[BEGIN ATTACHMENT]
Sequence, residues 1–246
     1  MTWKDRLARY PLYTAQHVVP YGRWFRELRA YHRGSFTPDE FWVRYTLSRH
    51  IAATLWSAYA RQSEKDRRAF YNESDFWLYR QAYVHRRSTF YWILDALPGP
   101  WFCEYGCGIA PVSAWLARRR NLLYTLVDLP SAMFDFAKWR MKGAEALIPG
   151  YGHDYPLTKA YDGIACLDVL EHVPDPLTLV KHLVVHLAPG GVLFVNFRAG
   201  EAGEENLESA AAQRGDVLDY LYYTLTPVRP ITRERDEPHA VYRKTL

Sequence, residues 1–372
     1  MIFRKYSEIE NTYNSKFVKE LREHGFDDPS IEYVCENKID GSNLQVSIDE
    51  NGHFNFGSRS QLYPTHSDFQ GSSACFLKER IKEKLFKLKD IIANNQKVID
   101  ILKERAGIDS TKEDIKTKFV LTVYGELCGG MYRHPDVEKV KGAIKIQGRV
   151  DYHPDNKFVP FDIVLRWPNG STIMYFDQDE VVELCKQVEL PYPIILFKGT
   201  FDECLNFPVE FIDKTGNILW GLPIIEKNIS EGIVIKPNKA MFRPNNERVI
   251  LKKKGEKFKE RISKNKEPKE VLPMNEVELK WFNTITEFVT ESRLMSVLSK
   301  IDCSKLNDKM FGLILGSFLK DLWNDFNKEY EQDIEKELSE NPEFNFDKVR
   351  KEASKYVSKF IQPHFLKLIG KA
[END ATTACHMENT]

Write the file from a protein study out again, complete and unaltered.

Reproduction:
Sequence, residues 1–246
     1  MTWKDRLARY PLYTAQHVVP YGRWFRELRA YHRGSFTPDE FWVRYTLSRH
    51  IAATLWSAYA RQSEKDRRAF YNESDFWLYR QAYVHRRSTF YWILDALPGP
   101  WFCEYGCGIA PVSAWLARRR NLLYTLVDLP SAMFDFAKWR MKGAEALIPG
   151  YGHDYPLTKA YDGIACLDVL EHVPDPLTLV KHLVVHLAPG GVLFVNFRAG
   201  EAGEENLESA AAQRGDVLDY LYYTLTPVRP ITRERDEPHA VYRKTL

Sequence, residues 1–372
     1  MIFRKYSEIE NTYNSKFVKE LREHGFDDPS IEYVCENKID GSNLQVSIDE
    51  NGHFNFGSRS QLYPTHSDFQ GSSACFLKER IKEKLFKLKD IIANNQKVID
   101  ILKERAGIDS TKEDIKTKFV LTVYGELCGG MYRHPDVEKV KGAIKIQGRV
   151  DYHPDNKFVP FDIVLRWPNG STIMYFDQDE VVELCKQVEL PYPIILFKGT
   201  FDECLNFPVE FIDKTGNILW GLPIIEKNIS EGIVIKPNKA MFRPNNERVI
   251  LKKKGEKFKE RISKNKEPKE VLPMNEVELK WFNTITEFVT ESRLMSVLSK
   301  IDCSKLNDKM FGLILGSFLK DLWNDFNKEY EQDIEKELSE NPEFNFDKVR
   351  KEASKYVSKF IQPHFLKLIG KA